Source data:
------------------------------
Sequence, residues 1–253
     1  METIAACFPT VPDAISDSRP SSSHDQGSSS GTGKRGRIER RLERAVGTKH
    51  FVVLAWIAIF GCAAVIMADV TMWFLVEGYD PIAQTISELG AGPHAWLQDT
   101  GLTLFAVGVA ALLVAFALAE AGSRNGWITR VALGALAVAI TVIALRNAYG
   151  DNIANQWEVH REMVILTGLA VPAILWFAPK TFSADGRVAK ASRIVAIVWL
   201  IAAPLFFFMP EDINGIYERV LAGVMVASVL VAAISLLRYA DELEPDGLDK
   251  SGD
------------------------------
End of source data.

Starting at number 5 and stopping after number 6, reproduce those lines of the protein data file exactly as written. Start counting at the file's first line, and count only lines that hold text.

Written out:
   151  DNIANQWEVH REMVILTGLA VPAILWFAPK TFSADGRVAK ASRIVAIVWL
   201  IAAPLFFFMP EDINGIYERV LAGVMVASVL VAAISLLRYA DELEPDGLDK